Earlier the year I attended an excellent workshop about Floating Pennywort hosted by Cam Valley Forum & Cambridge Conservation Forum. Below are some of the facts I gathered about this menace which is plaguing the Cam, Ouse and various Lodes in the area. Part 2 will be about the control methods currently in use and what may be available in the future.
Why is it such a pest?
All down to biology ….
- The plant has an amazing ability to reproduce itself, not by making seeds but by shedding parts of its stems which contain growth points called nodes – these nodes have the ability to start growing roots and shoots all over again. It is estimated that a square metre mat of the plant contains approximately 2,300 nodes, all of which are capable of regenerating new plants. The broken off plant parts can float
2.It was bred by the aquatic nursery trade to be a vigorous spreader – which they successfully achieved. It can easily out-compete most native plant species.
3. It is not fussy about nutrient requirement and has no limiting nutrient level. Whatever nutrient it can find it tends to scoop up and high levels of toxic elements such as mercury have been found in plants in the Netherlands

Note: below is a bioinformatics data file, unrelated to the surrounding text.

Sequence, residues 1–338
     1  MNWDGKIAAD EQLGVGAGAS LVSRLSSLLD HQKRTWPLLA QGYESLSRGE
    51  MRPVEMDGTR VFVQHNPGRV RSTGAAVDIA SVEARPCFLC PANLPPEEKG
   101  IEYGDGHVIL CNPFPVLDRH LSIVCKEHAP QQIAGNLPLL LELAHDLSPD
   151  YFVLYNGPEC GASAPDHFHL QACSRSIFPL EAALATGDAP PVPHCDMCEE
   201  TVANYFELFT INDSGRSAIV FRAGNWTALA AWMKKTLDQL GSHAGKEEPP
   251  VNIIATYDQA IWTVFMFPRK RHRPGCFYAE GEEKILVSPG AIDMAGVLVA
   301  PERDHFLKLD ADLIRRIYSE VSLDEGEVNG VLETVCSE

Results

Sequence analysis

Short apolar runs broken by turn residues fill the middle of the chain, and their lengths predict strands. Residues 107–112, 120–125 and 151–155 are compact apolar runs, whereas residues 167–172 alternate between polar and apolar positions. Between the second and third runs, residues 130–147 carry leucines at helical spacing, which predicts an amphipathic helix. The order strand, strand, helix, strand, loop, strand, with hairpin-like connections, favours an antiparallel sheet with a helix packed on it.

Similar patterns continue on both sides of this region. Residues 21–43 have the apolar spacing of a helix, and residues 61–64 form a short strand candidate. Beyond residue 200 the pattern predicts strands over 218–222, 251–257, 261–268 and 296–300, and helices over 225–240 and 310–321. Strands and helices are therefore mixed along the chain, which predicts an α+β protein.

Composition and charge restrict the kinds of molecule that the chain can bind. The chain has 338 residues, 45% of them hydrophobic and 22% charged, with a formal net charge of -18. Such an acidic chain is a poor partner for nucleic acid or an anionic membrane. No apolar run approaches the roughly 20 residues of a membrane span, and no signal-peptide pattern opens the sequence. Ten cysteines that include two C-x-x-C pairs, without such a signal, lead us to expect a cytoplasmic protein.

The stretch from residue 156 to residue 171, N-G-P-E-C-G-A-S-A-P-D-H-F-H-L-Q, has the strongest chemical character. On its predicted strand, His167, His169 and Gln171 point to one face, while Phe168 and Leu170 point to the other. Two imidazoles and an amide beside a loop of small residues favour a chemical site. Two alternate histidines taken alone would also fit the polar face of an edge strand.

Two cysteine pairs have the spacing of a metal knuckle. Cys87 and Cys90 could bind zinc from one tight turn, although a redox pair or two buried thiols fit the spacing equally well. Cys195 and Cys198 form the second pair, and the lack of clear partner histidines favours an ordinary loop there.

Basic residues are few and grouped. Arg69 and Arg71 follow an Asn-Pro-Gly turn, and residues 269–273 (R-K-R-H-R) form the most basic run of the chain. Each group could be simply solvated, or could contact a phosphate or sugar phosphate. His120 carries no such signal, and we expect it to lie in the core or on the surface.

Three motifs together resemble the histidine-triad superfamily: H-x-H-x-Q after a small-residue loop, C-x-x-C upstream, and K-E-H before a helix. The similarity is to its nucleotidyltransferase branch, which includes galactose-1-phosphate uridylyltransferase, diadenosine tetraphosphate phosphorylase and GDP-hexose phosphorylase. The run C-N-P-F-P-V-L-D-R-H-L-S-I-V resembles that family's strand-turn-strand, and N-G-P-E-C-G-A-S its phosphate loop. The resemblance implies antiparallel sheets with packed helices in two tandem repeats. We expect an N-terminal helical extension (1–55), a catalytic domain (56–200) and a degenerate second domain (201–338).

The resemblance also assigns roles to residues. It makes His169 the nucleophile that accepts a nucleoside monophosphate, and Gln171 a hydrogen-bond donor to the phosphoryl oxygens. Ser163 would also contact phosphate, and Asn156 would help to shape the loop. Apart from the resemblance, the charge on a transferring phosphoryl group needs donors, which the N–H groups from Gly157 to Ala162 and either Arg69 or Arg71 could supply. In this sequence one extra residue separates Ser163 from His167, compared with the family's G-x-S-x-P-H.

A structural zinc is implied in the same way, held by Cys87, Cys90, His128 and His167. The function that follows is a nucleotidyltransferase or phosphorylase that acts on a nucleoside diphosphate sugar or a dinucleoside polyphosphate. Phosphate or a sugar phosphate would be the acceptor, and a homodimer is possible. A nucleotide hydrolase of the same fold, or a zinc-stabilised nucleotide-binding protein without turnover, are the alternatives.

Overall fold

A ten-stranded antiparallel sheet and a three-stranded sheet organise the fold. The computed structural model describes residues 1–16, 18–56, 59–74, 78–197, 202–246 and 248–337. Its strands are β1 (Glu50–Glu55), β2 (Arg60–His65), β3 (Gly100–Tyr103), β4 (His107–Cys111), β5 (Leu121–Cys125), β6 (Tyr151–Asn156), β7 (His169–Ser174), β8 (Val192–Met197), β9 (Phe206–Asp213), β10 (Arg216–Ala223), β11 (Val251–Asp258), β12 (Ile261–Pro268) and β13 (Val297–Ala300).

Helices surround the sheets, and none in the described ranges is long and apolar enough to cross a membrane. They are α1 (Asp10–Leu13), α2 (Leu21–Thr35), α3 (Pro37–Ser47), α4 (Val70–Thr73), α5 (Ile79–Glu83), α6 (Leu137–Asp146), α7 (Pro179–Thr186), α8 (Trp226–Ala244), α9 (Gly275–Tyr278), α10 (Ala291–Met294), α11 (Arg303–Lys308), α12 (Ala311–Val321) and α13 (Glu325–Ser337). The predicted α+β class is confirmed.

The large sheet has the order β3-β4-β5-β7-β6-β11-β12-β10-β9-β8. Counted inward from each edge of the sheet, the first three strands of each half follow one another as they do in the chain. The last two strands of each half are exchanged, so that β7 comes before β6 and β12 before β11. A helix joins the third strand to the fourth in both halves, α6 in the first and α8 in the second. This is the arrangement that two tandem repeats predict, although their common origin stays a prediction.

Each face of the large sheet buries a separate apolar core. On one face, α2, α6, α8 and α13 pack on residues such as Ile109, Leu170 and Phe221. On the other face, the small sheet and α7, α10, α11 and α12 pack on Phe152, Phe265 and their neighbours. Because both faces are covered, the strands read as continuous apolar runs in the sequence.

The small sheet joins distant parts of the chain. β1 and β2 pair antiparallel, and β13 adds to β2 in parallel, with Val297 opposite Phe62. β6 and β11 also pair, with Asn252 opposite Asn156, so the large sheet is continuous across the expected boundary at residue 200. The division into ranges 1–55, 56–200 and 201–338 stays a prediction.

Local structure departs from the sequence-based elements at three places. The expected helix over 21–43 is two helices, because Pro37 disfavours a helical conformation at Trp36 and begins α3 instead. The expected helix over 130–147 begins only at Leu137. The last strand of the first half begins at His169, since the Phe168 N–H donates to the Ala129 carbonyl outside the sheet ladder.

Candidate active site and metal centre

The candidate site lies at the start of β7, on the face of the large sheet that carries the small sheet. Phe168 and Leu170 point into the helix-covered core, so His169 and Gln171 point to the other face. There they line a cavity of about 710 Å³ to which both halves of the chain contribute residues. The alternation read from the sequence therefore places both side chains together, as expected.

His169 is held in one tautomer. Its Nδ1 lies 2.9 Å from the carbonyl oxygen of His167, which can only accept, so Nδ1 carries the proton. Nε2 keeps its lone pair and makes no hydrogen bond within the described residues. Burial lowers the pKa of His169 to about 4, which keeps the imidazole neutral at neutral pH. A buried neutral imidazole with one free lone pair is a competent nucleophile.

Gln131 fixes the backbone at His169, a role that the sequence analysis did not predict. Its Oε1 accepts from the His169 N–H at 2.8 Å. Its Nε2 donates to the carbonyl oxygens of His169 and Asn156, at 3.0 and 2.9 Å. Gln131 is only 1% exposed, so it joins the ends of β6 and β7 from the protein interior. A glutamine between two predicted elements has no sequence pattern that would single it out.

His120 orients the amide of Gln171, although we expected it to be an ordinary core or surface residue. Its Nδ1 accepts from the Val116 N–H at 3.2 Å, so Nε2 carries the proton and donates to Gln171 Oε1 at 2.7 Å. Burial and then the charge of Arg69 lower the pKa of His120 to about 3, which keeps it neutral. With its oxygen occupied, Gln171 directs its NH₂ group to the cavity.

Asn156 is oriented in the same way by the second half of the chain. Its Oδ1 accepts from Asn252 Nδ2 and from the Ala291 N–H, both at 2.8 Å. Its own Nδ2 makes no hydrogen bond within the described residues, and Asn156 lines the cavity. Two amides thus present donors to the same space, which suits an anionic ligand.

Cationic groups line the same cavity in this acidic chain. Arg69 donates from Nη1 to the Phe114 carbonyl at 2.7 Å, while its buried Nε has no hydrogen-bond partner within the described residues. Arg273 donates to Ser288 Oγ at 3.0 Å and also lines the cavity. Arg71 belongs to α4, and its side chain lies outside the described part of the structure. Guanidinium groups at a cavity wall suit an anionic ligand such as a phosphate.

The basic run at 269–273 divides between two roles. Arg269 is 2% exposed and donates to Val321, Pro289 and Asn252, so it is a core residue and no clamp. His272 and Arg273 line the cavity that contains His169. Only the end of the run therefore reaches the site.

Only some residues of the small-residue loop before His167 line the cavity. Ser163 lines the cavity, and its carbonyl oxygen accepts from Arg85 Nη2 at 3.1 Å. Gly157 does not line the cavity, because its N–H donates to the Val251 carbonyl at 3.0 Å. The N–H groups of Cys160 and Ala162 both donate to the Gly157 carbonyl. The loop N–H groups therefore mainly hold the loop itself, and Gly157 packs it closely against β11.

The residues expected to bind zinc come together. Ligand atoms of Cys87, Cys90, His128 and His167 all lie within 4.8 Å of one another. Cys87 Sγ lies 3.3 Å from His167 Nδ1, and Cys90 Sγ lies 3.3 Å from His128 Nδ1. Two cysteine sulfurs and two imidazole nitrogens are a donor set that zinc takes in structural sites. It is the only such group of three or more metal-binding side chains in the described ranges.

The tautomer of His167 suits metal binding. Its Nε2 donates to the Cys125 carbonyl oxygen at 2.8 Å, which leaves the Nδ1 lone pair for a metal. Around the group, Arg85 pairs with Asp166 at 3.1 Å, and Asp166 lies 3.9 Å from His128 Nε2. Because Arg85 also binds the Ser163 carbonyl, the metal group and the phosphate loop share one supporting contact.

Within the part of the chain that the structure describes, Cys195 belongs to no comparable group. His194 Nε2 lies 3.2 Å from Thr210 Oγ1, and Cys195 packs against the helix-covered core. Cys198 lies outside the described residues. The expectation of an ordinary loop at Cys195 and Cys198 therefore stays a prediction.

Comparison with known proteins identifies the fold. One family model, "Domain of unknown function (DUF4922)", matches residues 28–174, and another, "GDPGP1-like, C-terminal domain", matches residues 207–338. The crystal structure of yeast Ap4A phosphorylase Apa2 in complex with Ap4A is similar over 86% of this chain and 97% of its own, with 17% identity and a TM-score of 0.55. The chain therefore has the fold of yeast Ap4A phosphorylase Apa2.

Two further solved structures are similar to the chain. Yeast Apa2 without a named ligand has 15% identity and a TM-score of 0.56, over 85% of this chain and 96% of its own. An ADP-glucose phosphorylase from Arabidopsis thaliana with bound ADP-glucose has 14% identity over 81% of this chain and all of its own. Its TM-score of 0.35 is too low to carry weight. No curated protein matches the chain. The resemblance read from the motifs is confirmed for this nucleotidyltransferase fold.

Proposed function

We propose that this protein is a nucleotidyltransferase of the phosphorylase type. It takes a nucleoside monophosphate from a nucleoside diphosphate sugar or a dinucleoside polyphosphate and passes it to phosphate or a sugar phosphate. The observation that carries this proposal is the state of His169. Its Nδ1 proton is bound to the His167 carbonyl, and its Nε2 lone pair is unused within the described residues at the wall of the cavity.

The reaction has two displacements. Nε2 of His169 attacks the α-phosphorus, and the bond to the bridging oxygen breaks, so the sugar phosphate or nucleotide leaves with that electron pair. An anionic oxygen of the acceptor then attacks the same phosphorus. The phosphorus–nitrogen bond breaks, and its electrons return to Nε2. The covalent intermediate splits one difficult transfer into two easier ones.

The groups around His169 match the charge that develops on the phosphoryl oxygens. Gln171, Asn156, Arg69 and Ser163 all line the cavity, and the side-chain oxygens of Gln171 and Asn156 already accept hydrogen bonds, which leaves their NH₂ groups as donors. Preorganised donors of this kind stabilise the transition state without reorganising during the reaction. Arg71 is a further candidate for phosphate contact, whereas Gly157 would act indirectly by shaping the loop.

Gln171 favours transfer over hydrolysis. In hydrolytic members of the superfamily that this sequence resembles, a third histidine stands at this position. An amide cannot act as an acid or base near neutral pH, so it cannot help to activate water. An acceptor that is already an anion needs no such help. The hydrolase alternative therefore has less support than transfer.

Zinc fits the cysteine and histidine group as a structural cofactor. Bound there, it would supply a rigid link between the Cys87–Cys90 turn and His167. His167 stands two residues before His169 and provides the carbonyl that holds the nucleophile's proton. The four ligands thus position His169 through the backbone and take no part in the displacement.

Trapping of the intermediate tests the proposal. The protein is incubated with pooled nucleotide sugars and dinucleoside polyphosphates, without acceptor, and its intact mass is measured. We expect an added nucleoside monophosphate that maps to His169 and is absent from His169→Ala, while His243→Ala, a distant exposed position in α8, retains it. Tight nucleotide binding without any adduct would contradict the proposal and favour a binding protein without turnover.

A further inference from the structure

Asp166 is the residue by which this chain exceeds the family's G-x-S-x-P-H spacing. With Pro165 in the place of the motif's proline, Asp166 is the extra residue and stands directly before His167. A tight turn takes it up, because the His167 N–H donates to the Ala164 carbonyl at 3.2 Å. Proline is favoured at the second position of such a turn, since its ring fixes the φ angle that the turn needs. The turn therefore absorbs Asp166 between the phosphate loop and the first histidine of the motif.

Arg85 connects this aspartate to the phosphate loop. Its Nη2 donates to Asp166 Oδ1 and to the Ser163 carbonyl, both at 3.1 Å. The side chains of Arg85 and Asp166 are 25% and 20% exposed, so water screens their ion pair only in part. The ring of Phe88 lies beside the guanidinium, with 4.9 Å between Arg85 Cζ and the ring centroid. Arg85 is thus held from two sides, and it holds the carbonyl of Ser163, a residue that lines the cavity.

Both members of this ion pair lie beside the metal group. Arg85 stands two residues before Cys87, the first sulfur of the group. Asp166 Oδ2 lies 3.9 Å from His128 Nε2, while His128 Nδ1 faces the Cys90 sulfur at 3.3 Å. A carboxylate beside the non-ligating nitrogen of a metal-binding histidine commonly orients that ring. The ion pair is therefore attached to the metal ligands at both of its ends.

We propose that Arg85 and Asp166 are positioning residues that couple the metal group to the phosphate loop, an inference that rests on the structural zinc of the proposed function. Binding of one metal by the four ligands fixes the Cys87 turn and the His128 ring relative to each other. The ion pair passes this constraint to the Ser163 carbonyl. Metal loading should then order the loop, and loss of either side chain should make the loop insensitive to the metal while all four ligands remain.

4. It is frost tolerant and needs a good hard spell of freezing weather to stop growth. Frost will kill the top growth but the growth underwater may survive.
5. It doesn’t move (translocate) herbicides well to its leaves and stems and to really kill it off the apical (end) bud needs to be sprayed. A plant will survive a spray if the apical bud is under the water or is “hiding” on a non sprayed bank side. It can take up to three weeks for glyphosate (the herbicide used in control) to take effect.
6. In the south of the country it has started to set seeds; this could be due to warmer weather or more worryingly, species adaptation.
Next week: how it spreads and how it is currently being controlled in Cambridgeshire